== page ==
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Variable Annuity Leader Met Life Fined

Last Updated:  May 5, 2016


Variable annuity leader Met Life fined

Go figure! In our last blog on variable annuities “how do variable annuities work?” I talked about some problems with them and why we don’t generally recommend or sell them. Recent news shows some support for my thoughts as variable annuity leader Met Life was fined 20 million dollars for misleading customers.

With the recent DOL fiduciary rule finally completed, it’s only reasonable to expect FINRA to really crack down on these product sales. Variable annuities are highly complex insurance products, and most investors just don’t understand them! Most financial advisors who sell them don’t understand them either. We’ve had clients pay us hourly rates to build massive spreadsheets to illustrate how they really work in good and bad markets.


The highest ever industry penalty assessed to a variable annuity leader, Met Life

The 25 million in fines and investor settlement represents the highest ever penalty from FINRA – the Financial Industry Regulatory Authority. In November of 2015 Scottrade settled for 2.6 million for failing to require electronic records and emails properly. FINRA has been pretty busy lately, recording 1,397 disciplinary actions in 2014 (down a bit from the 1,535 prosecuted in 2013).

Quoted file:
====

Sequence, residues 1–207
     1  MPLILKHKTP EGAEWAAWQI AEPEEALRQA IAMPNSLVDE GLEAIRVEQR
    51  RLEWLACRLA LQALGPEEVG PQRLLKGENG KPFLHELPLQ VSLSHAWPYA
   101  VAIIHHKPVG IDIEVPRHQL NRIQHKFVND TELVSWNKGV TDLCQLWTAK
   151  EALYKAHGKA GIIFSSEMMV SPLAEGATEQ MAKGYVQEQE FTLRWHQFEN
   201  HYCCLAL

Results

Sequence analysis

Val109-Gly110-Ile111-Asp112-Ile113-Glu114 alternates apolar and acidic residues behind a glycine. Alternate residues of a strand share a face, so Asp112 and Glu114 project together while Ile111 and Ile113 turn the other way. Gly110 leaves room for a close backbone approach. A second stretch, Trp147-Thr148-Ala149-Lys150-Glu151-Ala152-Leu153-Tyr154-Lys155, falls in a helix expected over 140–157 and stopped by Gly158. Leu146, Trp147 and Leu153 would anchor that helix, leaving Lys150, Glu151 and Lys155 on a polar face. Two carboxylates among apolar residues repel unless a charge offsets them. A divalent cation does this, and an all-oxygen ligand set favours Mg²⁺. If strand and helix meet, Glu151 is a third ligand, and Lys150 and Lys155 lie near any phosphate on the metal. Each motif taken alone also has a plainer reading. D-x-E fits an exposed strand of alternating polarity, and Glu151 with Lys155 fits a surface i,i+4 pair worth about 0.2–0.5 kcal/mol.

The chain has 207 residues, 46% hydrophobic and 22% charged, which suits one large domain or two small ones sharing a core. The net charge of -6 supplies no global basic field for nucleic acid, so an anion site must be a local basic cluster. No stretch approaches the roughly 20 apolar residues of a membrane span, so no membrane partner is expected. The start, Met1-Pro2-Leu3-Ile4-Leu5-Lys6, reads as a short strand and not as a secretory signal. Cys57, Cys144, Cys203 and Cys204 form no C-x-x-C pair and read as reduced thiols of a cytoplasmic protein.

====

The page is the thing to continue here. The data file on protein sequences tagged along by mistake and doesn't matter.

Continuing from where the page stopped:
Variable annuity negligence

The Met Life settlement alleged “negligent” misrepresentation and omission. Apparently their financial advisors weren’t properly explaining the costs and benefits of these complex products. So often the sales reps gloss over the shiny material only hitting the highlights which are positive, and not thoroughly explaining the potential pitfalls with variable annuities.

According the the Investment News article, from 2009 to 2014 the company misrepresented or omitted at least one material fact in over 70% of the 35,000 variable annuity replacement applications. To put this in simple terms, if a financial advisor is going to replace one insurance based product with another they have to complete an additional form. This form should clearly illustrate the current fees and the proposed fees, surrender charges and more! This should allow the investor to see what they’re giving up and what it’s going to cost them.

Those were the facts it appears were inaccurate over 70% of the time. So the majority of investors weren’t aware of the true implications of making the switch from one variable annuity product to another. Most of this revolves around the fees and charges associated with the old and new variable annuities.

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